Concept of Water Potential

Concept of water potential

  • Free energy per mole is the chemical potential.
  • The water potential is the chemical potential of a water solution in a system minus the chemical potential of pure water at atmospheric pressure and at the same temperature.
  • A system’s water potential expresses its ability to do work compared with the ability in a comparable quantity of pure water at atmospheric pressure and at the same temperature.

According to thermodynamic laws every component of a system possesses free energy capable of doing work under constant temperature conditions. Osmotic movement…….

Osmotic pressure (O.P) in a solution results due to the presence of solutes and the latter lower the water potential. Therefore, osmotic pressure is a quantitative index of the lowering of water potential in a solution and using thermodynamic terminology is called osmotic potential (Ψs). Osmotic pressure and osmotic potential values are equal but while the former has positive sign, the latter carries a negative sign (If OP = 20 atms then, Ψs is -20 atms).

In an open osmotic system, the water potential and the osmotic potential values are numerically similar and also have same sign i.e. negative (similar will be the case of plasmolysed cells). On the other hand, in a closed osmotic system e.g. plant cells a pressure is imposed on water which increases the water potential. In plants, the pressure is called turgor pressure. This is the actual pressure with positive sign and ranges between zero and numerical osmotic potential value. The potential created by such pressures is called hydrostatic pressure or pressure potential (Ψp). Thus, Ψw = Ψp + Ψπ.

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Ψw = Ψs (As Ψp= nil) Ψw  Lowest In plasmolysed or flaccid cell.
Ψw = Ψp + Ψπ Ψw  Higher In partially turgid cell.
Ψw = 0 (As Ψp numerically equals Ψs but both having opposite signs) Ψw  Highest In fully turgid cell.

If for example,


Vant Hoff’s equation,

Ψs = – CiRT where,

  • C = Concentration of solution expressed as molality (i.e. moles of solute per kg of water Unit: mol kg-1).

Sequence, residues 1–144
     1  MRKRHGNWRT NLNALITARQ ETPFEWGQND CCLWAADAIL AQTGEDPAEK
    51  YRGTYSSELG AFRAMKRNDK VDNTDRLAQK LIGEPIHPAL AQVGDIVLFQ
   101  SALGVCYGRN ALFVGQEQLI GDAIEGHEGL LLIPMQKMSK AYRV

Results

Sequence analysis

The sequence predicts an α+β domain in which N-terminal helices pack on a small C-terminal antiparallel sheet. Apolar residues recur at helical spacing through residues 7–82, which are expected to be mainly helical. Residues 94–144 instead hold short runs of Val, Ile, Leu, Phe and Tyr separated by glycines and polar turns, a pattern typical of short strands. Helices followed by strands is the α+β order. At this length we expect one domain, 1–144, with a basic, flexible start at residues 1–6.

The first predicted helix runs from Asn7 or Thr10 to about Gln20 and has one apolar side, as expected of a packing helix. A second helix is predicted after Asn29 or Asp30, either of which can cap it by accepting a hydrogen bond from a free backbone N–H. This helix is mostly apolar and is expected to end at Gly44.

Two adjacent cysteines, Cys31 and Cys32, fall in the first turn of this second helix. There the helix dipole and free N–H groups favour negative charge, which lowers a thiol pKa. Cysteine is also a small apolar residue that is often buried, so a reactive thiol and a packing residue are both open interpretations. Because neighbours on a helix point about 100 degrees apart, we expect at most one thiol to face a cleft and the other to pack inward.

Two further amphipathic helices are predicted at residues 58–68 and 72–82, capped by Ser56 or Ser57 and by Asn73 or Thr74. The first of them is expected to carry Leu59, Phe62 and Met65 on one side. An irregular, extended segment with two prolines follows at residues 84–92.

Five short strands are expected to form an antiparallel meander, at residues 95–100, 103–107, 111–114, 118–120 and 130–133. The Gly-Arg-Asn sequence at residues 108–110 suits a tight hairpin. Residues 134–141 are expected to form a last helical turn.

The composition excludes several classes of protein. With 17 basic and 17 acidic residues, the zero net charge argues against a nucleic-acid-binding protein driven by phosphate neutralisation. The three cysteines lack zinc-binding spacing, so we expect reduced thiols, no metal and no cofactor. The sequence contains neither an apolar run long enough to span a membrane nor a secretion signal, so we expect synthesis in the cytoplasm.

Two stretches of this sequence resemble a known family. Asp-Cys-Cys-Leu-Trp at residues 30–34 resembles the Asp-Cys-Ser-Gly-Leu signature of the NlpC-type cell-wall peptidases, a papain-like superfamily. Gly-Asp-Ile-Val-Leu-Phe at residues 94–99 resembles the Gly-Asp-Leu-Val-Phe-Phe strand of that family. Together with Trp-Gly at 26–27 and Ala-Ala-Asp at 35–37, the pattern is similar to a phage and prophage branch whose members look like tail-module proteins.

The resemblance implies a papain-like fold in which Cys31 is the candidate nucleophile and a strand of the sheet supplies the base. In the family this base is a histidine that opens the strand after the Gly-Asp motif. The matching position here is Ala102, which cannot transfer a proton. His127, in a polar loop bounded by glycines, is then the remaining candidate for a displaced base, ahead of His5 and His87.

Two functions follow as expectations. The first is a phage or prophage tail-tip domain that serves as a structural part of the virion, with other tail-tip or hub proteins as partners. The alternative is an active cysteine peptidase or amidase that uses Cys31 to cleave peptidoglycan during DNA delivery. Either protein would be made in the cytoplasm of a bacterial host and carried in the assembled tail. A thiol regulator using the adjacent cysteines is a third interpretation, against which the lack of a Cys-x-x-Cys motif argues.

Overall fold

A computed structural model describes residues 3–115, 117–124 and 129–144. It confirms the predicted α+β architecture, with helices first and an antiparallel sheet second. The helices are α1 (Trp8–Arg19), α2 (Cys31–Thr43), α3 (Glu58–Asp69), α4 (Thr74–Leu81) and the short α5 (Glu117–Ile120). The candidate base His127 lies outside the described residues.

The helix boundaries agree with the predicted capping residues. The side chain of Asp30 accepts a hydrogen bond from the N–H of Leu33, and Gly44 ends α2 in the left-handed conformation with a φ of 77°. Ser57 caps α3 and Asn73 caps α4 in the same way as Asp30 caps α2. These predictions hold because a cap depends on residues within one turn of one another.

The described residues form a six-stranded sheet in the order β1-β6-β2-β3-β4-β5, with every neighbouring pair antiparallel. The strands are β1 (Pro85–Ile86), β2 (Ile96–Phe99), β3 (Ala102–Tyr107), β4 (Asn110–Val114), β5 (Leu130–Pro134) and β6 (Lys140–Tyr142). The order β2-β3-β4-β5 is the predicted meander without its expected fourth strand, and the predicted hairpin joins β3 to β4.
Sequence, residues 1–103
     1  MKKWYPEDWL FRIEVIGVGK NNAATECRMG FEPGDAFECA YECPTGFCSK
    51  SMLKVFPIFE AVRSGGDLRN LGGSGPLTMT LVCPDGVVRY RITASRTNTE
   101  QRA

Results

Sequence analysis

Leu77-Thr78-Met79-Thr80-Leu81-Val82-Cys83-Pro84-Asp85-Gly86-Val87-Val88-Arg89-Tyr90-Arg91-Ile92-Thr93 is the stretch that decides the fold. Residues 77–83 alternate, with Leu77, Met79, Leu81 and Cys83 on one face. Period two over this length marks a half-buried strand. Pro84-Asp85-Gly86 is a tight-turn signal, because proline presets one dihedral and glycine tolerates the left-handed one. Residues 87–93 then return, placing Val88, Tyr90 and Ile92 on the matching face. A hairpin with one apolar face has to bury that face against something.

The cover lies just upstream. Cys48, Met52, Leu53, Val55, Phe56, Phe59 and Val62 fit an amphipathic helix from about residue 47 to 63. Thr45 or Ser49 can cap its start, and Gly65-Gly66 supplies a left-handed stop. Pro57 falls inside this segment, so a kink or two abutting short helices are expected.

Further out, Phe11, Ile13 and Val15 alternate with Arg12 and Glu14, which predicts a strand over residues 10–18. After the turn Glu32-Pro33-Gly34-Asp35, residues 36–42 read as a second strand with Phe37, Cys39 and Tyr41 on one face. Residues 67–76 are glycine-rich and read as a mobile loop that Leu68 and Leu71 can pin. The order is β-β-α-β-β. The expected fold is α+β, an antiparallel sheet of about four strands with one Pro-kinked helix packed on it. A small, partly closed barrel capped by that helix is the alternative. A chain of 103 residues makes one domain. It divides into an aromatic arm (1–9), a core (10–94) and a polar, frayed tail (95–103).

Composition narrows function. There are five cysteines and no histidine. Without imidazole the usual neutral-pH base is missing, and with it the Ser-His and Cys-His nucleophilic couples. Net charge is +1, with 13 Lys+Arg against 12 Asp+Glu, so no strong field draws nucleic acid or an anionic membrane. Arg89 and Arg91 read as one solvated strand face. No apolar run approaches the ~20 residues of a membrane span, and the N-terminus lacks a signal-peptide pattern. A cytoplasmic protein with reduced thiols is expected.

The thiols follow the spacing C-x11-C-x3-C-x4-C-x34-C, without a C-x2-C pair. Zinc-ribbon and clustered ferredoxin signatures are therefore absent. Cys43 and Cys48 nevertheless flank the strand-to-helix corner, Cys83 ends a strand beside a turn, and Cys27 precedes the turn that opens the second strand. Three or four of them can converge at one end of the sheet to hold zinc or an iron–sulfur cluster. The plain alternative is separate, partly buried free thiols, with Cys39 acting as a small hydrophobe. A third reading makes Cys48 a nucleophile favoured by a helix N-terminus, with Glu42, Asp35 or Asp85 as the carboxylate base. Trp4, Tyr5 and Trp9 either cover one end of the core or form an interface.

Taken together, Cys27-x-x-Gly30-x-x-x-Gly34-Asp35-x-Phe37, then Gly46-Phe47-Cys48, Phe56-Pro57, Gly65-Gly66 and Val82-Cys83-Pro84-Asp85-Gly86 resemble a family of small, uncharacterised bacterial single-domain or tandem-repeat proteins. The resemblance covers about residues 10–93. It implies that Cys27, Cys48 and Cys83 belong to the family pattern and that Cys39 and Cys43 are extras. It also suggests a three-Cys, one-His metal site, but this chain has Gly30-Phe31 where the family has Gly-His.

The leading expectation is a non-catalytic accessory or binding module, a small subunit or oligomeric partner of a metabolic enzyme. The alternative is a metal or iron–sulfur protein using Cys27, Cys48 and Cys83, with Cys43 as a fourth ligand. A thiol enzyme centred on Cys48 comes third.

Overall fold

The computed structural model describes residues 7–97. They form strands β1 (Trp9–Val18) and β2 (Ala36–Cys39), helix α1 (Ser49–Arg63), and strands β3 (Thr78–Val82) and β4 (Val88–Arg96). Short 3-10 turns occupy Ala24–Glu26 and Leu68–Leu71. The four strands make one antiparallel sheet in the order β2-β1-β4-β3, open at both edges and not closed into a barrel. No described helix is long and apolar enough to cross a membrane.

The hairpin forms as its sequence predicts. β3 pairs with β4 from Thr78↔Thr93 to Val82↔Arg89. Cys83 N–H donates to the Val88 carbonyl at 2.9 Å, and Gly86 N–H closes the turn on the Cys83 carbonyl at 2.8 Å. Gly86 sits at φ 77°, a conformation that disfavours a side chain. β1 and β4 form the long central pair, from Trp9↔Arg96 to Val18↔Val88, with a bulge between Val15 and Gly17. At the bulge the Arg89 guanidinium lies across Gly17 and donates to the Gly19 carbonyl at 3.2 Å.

• i = The activity coefficient. It is a constant that accounts for ionization of the solute and/or other deviations from perfect solutions.
    For non-electrolytes/non-ionised molecules such as sucrose, glucose, sorbitol, mannitol or PEG (Polyethylene glycol), it is 1.
    But for electrolytes such as NaCl it varies with their concentration and is invariably less than one.
  • Gas constant (.00831 kg MPa mol-1K-1 or .0831 kg bars mol-1K-1 or .08025 kg atm mol-1K-1)
  • T = Absolute temperature (K).
  • Total Ψs for a complex solution such as cell sap is the sum of all osmotic potentials caused by all solutes. It is called Osmolality.


For 1.0 molal glucose solution at 30 degree celcius and 0 degree celcius, find the osmotic potentials and comment on the relation between temp. and solute potential and find the direction of flow of glucose. (Salisbury pg: 49)


Good to know

  • 1 bar = 106 dynes/sq. cm
  • 1 bar = .987 atm
  • 1 MPa = 10 bar
  • 1 MPa = 9.87 atm
  • 1 MPa = 1 KJ Kg-1 (Pressure and energy relation)

Factors creating water potential gradients


Water is almost incompressible. So, its concentration remains nearly constant. Thus a model based strictly upon water concentration will not explain diffusion of water in plants. Indeed differences in water potential can readily be ignored.


  • The cooler gas diffuse into the warmer gas as the cooler gas is the more concentrated gas when the pressures are equal, and the concentration difference is more important to diffusion than the slightly higher velocities of the molecules in the warmer gas. So temperature effects on diffusion are complex.

Actually temp differences are usually ignored in soil-plant-air continuum as we assume temp. to be constant throughout the system and the environment. But this isn’t applicable for plants like growing in tundra region.

  • The temperature effect is much greater than the solute or pressure effects.